- Excellent tutorial support and extensive programme-specific training in research methods and academic writing.

- Exchange ideas with other experienced language teaching professionals from many different contexts.

Visit the website: http://www.kcl.ac.uk/study/postgraduate/taught-courses/applied-linguistics-and-english-language-teaching-ma.aspx

Course detail

- Description -

The programme provides opportunities to explore recent research in the field and find out more about specialist areas such as teacher education, materials development, teaching English for academic purposes, management and evaluation in ELT and intercultural studies.

Core modules deal with language teaching methodology and curriculum design, linguistic analysis for language teaching, issues in language acquisition and use (sociolinguistics, social & psychological aspects of second language learning) and research methods. The programme also places particular emphasis on the notion of informed teaching and the need for teachers to mediate between theory and practice in constructing pedagogies according to specific teaching-learning contexts.

- Course purpose -

For experienced language teachers who want to reflect upon and further develop their understanding of the various theoretical and practical issues that impact on the field of language learning and teaching.

- Course format and assessment -

Students on the standard programme follow all the core modules and choose two optional modules. Students who have the Cambridge ESOL DELTA or Trinity House Diploma in ELT may be eligible for the part time "fast track" version of the programme which gives them exemption from Principles & Practice in ELT, and one of the optional modules. Assessment is by coursework assignments and dissertation. There are no examinations.

Career prospects

This programme is especially popular with UK-based and international students who are at a point in their career when a master's degree is helpful in professional advancement. Our graduates have found that their promotion opportunities have been greatly enhanced by this advanced qualification. More recently, some of our graduates have returned to take up MPhil/PhD studies.

About Postgraduate Study at King’s College London:

To study for a postgraduate degree at King’s College London is to study at the city’s most central university and at one of the top 20 universities worldwide (2015/16 QS World Rankings). Graduates will benefit from close connections with the UK’s professional, political, legal, commercial, scientific and cultural life, while the excellent reputation of our MA and MRes programmes ensures our postgraduate alumni are highly sought after by some of the world’s most prestigious employers. We provide graduates with skills that are highly valued in business, government, academia and the professions.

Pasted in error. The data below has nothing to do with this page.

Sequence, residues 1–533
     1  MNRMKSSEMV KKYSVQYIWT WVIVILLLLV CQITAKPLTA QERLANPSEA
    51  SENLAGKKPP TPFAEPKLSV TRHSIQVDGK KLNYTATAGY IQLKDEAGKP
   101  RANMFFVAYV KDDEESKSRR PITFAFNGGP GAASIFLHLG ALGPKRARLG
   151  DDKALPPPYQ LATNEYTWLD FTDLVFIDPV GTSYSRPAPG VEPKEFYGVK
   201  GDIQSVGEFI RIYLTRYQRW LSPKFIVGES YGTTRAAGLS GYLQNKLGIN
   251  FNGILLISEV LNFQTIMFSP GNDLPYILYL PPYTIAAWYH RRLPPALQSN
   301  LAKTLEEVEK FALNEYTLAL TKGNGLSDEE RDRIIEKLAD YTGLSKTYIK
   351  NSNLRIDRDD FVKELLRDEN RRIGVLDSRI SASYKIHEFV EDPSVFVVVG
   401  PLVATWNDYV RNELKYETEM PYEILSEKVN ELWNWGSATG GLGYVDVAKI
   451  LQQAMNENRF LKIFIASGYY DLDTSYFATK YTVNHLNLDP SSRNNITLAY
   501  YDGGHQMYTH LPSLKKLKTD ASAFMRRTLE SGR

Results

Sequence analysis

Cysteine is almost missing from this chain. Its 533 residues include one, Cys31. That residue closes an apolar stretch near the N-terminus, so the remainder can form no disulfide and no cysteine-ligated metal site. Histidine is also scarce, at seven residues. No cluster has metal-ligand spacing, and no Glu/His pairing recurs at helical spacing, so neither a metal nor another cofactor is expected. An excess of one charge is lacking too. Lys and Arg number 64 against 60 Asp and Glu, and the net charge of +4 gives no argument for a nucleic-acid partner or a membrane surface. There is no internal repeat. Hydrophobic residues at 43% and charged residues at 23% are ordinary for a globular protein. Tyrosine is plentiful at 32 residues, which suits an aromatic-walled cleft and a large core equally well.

Scholarships & Funding:

All current PGT offer-holders and new PGT applicants are welcome to apply for the scholarships. For more information and to learn how to apply visit: http://www.kcl.ac.uk/study/pg/funding/sources

Free language tuition with the Modern Language Centre:

If you are studying for any postgraduate taught degree at King’s you can take a module from a choice of over 25 languages without any additional cost. Visit: http://www.kcl.ac.uk/mlc

How to apply: http://www.kcl.ac.uk/study/postgraduate/apply/taught-courses.aspx

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Materials are at the forefront of new technologies in medicine and dentistry, both in preventative and restorative treatment. Read more
Materials are at the forefront of new technologies in medicine and dentistry, both in preventative and restorative treatment. This programme features joint teaching within the School of Engineering and Materials Science and the Institute of Dentistry, bringing together expertise in the two schools to offer students a fresh perspective on opportunities that are available in the fields of dental materials.

* This programme will equip you with a deep understanding of the field of dental materials and the knowledge necessary to participate in research, or product development.
* An advanced programme designed to develop a broad knowledge of the principles underlying the mechanical, physical and chemical properties of Dental Materials.